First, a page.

When our booth was finished, one of our friends jokingly said “I don’t understand the bill!” We all had a good laugh and left ballerina a nice tip.

Devil’s Jew

, , , , , | Right | July 15, 2019

(I am ringing customers. A woman gets in the small line that is forming, followed by a gentleman who is spouting about seeing Jesus and being pure of heart and spirituality. He was in earlier in the day so I know who he is.)

Man: *mumbles about seeing Jesus*

Woman: “I don’t want to hear it.”

(They continue like this until the woman comes up to me to be rung up. The gentleman continues while the woman silently pleads for help. I decide to step in.)

Me: “Sir, I am sorry, but we are in the middle of a transaction here.”

Man: *mumbles about being rude*

Me: “I’m sorry, sir, but we are still in the middle of a transaction.”

Man: “I was talking to her.”

(The woman mouths, “Thank you,” to me, I nod, and we finish the transaction. The gentleman is next in line.)

Me: “I’m sorry about before, sir, it’s just that we were in the middle of a transaction.”

Man: “Oh, you must be a devil worshiper, then.”

(I am shocked, since I did NOT expect to be accused of being a devil worshiper. I barely know what to say. I see he has a skull cap on and decide to go the Jewish route, since I am Jewish, as well.)

Me: “Sir, I’m not a devil worshiper; I’m Jewish.”

Man: “You are?”

Me: “Yes, I am.”

Man: “Oh, well, that doesn’t make a difference; you could still be a devil worshiper.”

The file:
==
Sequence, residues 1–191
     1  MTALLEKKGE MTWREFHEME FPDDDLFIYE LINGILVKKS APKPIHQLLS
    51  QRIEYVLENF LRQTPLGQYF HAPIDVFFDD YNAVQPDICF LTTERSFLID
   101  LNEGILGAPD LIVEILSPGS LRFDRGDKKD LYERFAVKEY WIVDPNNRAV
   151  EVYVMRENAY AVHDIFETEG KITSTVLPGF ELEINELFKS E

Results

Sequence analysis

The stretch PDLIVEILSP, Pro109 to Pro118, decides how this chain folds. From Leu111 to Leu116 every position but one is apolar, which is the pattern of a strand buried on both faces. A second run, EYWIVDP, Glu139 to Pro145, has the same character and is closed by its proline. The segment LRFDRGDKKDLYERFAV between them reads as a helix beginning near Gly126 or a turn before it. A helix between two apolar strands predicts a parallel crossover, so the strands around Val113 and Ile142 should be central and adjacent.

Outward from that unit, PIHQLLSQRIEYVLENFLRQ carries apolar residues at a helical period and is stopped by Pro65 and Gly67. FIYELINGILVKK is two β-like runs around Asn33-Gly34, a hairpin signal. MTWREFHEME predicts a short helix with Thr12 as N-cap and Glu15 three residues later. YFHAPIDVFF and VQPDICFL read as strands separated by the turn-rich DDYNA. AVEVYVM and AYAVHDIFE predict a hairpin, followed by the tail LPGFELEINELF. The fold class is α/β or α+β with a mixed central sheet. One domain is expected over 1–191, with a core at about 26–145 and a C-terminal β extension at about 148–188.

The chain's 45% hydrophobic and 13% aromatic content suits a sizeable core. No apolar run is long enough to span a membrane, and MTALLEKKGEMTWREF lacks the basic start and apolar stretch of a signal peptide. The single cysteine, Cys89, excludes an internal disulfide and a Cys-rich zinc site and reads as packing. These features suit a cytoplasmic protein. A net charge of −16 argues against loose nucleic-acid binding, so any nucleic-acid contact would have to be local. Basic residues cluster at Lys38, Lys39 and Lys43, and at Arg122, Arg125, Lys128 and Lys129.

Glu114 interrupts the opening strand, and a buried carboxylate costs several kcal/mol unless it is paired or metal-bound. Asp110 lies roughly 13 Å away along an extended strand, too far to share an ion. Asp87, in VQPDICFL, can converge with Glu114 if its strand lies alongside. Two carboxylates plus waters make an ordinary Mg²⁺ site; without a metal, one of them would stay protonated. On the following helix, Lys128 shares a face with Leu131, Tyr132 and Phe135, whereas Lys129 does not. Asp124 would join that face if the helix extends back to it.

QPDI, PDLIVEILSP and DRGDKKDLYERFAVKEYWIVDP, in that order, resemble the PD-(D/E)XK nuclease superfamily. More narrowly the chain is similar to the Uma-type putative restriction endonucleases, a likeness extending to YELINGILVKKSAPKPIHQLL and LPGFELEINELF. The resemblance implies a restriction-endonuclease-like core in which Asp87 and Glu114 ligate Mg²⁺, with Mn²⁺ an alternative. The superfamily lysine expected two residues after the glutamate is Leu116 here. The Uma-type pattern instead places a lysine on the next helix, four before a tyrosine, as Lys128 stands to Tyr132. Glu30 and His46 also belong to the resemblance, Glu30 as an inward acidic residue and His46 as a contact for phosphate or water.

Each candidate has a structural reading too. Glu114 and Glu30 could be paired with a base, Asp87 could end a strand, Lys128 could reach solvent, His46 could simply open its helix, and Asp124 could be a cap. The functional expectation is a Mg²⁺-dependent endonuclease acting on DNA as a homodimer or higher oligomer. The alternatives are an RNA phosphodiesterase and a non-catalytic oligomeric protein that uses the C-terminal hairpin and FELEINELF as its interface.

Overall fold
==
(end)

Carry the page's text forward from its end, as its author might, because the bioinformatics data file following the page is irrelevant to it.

(After going back and forth on this subject for another minute, I gave up and just “yes”ed him to death while finishing the transaction.)

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Works Both Ways

, , , , , , | Right | July 11, 2019

(It’s the 1980s. I am on telephone support for a software company. I have a common first name, and there are four other employees with the same first name. Two of us share an office. Because there are five of us, we have to tell customers our last name, in case they need to call back, or file a complaint or compliment. It is against policy to give our real names, so we each make up a last name for our phone identity. I pick the name “Booth.” I figure it is a good mnemonic; customers will remember that if they needed help, just “phone Booth.” I am speaking to one customer. After spending nearly an hour getting her software up and running, we have this exchange:)

Customer: “Can I have your name, in case I have to call back?”

Me: “It’s [My Name] Booth.”

Customer: “How do you spell that? L-O-O-S-E?”

Me: “No, not ‘Loose.’ It’s ‘Booth,’ like in ‘phone booth.’”

Customer: “Oh, B-O-O-S-E?”

Me: “No, it’s like ‘phone booth.’ B-O-O-T-H.”

Customer: “Oh, B-O-T-H.”

Me: *facepalm* “Right.”

(I decided that was close enough, and ended the call. Then, I realized that if she ever called back, she’d ask to speak to [My Name]. The receptionist would ask, “Which [My Name]?” and she’d say, “Both.” At least she’d be connected to the right office!)

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All Caulk And No Action

, , , , , | Right | May 28, 2019

(I’m making keys next to an old-but-wise coworker. A short, middle-aged woman approaches me right in the middle of my key-cutting.)

Customer: “Excuse me…”

Me: *still making keys, hoping she’s talking to my coworker*

Customer: “Um, excuse me…”

Me: *turns to my right to see her, and smiles a bit, and silently motions toward the key machine and my coworker*

Customer: “Could you help me?”

(I shut off my machine, silently apologizing to the people whose keys I’m making. I don’t want key slivers in anyone’s mouths.)

Me: “Hi there.”

Customer: “I’m looking for caulking.”

Me: “Ah, it’s in aisle 82 on the left.” *turns the key machine back on and keeps grinding*

Customer: “Yes, thank you. I’m looking for the caulking, and I need to know which one to use for my windows.”